It now costs more than $800 million to develop a new drug. But what if pharmaceutical companies had a way to predict which experimental drugs will ultimately get FDA approval, giving them the confidence to invest money in them, and which drugs will ultimately fail, allowing them to cut their losses early?
In the February issue of Nature Reviews Drug Discovery, researchers from the Children's Hospital Boston Informatics Program (CHIP) present a forecasting model that may increase the efficiency of drug R&D and save hundreds of millions of dollars per new drug. They also argue that more data sharing by the drug industry particularly of "negative" data would greatly improve the accuracy of forecasting and benefit industry and patients alike, allowing more medical discoveries to be brought to the bedside.
Asher Schachter, MD, MMSc, MS, and Marco Ramoni, PhD, both of CHIP, constructed a Bayesian network model to calculate the probability that a given new drug would pass successfully through Phase III trials and receive New Drug Application (NDA) approval. Their approach differs from convention in modeling populations of drugs rather than populations of patients. They used publicly available safety and efficacy data for about 500 successful and failed new drugs, broken down by therapeutic category, then confirmed the validity of their model by testing it with a group of cancer drugs whose fates are already known.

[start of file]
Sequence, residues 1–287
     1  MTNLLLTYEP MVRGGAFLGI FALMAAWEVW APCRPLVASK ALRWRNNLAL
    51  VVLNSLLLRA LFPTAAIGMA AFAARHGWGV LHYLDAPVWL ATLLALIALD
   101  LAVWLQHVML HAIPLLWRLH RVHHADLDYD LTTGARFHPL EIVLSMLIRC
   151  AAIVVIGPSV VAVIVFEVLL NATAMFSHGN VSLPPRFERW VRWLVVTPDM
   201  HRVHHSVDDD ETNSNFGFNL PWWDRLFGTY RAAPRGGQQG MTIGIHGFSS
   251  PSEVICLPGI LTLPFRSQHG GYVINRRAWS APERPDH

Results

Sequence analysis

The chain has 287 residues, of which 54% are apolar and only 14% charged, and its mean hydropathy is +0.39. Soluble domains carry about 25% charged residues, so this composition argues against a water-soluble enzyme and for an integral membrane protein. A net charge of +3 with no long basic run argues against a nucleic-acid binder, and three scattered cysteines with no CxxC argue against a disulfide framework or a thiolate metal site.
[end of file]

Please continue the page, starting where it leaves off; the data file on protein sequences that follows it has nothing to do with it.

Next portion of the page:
To gauge the model's potential economic impact, Schachter and Ramoni then performed a pharmaco-economic analysis in collaboration with Stan Finkelstein, MD, Senior Research Scientist at the MIT Sloan School of Management. This analysis, using summary data on industry-reported expenditures and revenues, indicated that application of the model would reduce mean capitalized expenditures by an average of $283 million per successful new drug (from $727 to $444), and increase revenues by an average of $160 million per Phase III trial
Contact: Anna Gonski
Children's Hospital Boston